MR. BERGER: Yes, I think it's a bumpy track --(laughter) -- but it's on track.

Q Are you revising the President's words?

MR. BERGER: I'm annotating. (Laughter.)

Q Questioning the President's --

MR. BERGER: Let's be careful here. (Laughter.) Theregoes my job. No, I think he'd be the first to say -- it's theessential question here. I think that we've move Wye along inthe last two days. I think we've got them back talking to eachother, which is extremely important. That was really what -- for18 months they were not talking to each other. As a result, theprocess totally broke down. We got them to Wye; we started adialogue; we created some agreements and we created someprocesses. And I think, hopefully now they'll start dealing withthese issues less through public statements and more throughdialogue.

Q Is there a guarantee that they'll keep talking toeach other now?

MR. BERGER: There's no guarantee in the Middle East.

Q Does the President have to be here, be with themto get them to talk each time?

MR. BERGER: No. Obviously, this process can only besustained if the parties themselves engage directly, and they do-- they have -- in some areas, for example, in security, therehas been cooperation between the parties. And I don't want tosuggest there hasn't been any cooperation between the parties.But we need to kind of now kick this thing into higher gear.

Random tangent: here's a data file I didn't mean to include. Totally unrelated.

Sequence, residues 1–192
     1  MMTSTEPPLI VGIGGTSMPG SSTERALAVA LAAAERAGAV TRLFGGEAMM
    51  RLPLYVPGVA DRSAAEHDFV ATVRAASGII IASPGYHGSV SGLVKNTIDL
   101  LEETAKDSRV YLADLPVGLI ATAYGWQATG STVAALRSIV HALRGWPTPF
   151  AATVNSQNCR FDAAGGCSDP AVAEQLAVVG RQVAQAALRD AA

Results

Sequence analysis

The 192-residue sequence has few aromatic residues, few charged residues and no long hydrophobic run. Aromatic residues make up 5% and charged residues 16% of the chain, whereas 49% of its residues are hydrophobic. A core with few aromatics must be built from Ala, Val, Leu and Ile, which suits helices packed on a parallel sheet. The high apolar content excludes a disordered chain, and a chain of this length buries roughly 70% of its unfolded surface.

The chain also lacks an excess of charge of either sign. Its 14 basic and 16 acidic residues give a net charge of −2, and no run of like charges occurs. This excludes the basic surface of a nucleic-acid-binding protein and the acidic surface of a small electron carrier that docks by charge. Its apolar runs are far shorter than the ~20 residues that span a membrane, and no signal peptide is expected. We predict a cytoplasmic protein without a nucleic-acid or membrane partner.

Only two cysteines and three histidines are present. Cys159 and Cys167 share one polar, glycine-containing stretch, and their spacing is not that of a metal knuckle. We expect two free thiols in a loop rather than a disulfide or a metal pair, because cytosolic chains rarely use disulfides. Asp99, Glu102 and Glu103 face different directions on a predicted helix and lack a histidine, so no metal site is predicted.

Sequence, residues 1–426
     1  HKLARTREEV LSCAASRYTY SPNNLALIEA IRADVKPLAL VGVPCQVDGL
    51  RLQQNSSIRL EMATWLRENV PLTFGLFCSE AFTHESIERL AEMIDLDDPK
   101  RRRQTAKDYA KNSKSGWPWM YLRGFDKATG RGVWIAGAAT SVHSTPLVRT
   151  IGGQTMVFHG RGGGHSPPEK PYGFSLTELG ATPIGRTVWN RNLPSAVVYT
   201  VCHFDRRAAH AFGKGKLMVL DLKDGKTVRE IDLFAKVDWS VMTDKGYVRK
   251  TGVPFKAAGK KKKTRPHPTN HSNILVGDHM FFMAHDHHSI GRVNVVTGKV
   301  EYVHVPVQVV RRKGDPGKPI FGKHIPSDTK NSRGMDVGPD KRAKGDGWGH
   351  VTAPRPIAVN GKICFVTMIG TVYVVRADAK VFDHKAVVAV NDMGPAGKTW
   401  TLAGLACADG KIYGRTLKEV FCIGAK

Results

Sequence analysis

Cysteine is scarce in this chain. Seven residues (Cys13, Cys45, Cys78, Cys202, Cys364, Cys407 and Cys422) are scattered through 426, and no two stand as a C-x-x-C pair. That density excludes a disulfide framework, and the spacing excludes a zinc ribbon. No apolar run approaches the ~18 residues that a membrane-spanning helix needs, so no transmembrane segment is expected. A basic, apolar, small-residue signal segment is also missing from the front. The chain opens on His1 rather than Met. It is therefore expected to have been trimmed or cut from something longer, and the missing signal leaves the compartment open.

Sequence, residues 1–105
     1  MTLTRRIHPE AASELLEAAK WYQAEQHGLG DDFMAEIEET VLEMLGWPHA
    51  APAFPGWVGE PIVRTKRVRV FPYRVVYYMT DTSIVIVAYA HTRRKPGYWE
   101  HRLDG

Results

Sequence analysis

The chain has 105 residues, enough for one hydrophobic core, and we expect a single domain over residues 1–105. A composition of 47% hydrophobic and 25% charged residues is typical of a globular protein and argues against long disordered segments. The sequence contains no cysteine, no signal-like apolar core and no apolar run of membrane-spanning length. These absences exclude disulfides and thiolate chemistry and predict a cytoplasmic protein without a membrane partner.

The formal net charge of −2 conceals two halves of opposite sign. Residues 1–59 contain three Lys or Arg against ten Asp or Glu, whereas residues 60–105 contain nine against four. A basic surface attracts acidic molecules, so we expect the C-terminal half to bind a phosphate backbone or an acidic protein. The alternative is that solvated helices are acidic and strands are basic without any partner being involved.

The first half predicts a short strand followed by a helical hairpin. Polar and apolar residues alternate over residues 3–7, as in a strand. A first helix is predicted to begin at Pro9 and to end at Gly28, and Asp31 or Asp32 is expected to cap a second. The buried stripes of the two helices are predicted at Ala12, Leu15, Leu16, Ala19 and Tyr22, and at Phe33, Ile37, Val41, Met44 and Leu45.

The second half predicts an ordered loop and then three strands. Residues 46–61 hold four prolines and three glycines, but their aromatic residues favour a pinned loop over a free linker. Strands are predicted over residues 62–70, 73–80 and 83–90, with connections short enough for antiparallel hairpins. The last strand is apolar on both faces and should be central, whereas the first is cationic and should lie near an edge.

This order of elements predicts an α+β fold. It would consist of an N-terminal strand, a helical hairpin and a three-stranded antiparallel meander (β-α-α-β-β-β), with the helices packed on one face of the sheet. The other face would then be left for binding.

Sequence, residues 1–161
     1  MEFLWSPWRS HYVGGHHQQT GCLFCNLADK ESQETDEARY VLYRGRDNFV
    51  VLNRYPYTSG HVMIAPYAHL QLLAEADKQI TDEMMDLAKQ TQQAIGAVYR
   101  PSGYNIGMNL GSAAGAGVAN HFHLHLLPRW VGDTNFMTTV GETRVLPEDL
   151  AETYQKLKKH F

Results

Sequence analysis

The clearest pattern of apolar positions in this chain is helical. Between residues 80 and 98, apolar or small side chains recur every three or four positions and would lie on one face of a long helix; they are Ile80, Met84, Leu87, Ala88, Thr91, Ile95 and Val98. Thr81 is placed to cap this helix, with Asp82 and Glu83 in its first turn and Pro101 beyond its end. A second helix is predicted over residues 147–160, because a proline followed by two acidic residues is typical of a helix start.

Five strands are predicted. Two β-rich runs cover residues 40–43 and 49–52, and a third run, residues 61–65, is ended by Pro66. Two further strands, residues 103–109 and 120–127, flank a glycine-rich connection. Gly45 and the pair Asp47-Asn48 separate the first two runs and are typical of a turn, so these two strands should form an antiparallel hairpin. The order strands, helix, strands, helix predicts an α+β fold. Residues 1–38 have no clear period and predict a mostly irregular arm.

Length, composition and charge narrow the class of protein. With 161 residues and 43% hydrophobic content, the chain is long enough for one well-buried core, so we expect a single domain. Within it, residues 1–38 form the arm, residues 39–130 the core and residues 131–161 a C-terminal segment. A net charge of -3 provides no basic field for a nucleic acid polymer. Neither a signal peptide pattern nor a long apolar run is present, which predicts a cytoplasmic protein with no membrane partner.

Q Can you tell us what are the main problems betweenthe Israelis and Palestinians now?

Q In a nutshell.

MR. BERGER: I think on the Israeli side, the main problems relate to violence that's taken place in the West Bank in recent weeks, which the Israelis, quite legitimately, find objectionable.

I think that there is also on the part of the Israelisa concern with unilateral statements -- with statements byparticularly Chairman Arafat which have suggested that he willtake unilateral steps on May 4th, regardless of the negotiation.I think those are the principal concerns; there are others.

I think on the Palestinian side, there is concern,number one, that there be some way to deal with the prisonerissue, which is a very emotional and charged issue for thePalestinians. And number two, there's obviously concern on thepart of the Palestinians with settlement activity which is goingon, some of it around Bethlehem here, which they findobjectionable.

There are many, many other issues.

Q Can you take one more?

Q Did you sleep, Sandy?

Q You don't look good. (Laughter.)

Q You don't look good? (Laughter.)


Middle East Trip: Briefing by National Security Advisor Sandy Berger (12/15/98)

Middle East Trip: Press Briefing by Secretary of State Madeleine Albright (12/14/98)

Middle East Trip: Press Briefing by White House Press Secretary Joe Lockhart (12/14/98)

The President's Trip to the Middle East: Briefing by Albright and Berger (12/13/98)

The President's Trip to the Middle East: Briefing by Lockhart (12/13/98)